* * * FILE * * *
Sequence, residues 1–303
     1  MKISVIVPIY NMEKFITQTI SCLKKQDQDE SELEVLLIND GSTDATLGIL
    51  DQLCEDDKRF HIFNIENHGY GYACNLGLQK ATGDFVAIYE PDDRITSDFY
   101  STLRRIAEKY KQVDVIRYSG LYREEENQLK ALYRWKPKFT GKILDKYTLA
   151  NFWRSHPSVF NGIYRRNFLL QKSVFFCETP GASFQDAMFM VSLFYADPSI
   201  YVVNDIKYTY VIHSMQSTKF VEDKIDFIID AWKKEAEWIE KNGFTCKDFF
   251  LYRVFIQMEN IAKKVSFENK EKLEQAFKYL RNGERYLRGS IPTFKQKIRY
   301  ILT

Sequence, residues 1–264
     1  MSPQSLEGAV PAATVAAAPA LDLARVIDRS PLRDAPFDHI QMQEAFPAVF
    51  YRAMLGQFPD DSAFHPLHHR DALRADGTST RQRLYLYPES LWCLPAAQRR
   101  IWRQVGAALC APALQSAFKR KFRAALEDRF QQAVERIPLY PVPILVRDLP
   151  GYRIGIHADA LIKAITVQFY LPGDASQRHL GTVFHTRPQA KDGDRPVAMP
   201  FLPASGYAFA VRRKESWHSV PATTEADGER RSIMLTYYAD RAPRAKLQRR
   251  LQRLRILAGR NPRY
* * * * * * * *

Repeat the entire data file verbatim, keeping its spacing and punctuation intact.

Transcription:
Sequence, residues 1–303
     1  MKISVIVPIY NMEKFITQTI SCLKKQDQDE SELEVLLIND GSTDATLGIL
    51  DQLCEDDKRF HIFNIENHGY GYACNLGLQK ATGDFVAIYE PDDRITSDFY
   101  STLRRIAEKY KQVDVIRYSG LYREEENQLK ALYRWKPKFT GKILDKYTLA
   151  NFWRSHPSVF NGIYRRNFLL QKSVFFCETP GASFQDAMFM VSLFYADPSI
   201  YVVNDIKYTY VIHSMQSTKF VEDKIDFIID AWKKEAEWIE KNGFTCKDFF
   251  LYRVFIQMEN IAKKVSFENK EKLEQAFKYL RNGERYLRGS IPTFKQKIRY
   301  ILT

Sequence, residues 1–264
     1  MSPQSLEGAV PAATVAAAPA LDLARVIDRS PLRDAPFDHI QMQEAFPAVF
    51  YRAMLGQFPD DSAFHPLHHR DALRADGTST RQRLYLYPES LWCLPAAQRR
   101  IWRQVGAALC APALQSAFKR KFRAALEDRF QQAVERIPLY PVPILVRDLP
   151  GYRIGIHADA LIKAITVQFY LPGDASQRHL GTVFHTRPQA KDGDRPVAMP
   201  FLPASGYAFA VRRKESWHSV PATTEADGER RSIMLTYYAD RAPRAKLQRR
   251  LQRLRILAGR NPRY